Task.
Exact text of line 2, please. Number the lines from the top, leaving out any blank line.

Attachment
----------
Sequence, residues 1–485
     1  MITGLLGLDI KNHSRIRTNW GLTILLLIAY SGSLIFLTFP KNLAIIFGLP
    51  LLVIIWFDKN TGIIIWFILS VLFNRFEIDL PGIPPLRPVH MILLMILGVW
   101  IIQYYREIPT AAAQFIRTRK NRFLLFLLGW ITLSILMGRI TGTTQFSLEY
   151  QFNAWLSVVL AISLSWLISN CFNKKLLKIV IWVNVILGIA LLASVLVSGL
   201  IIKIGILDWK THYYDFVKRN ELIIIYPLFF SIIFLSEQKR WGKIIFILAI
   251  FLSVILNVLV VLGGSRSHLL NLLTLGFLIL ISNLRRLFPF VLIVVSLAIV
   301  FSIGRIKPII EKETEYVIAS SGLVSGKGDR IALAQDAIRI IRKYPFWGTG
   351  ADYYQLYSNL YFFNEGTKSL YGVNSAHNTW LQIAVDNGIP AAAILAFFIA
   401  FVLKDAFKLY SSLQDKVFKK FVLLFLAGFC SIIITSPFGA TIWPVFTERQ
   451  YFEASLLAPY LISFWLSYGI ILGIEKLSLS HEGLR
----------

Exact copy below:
     1  MITGLLGLDI KNHSRIRTNW GLTILLLIAY SGSLIFLTFP KNLAIIFGLP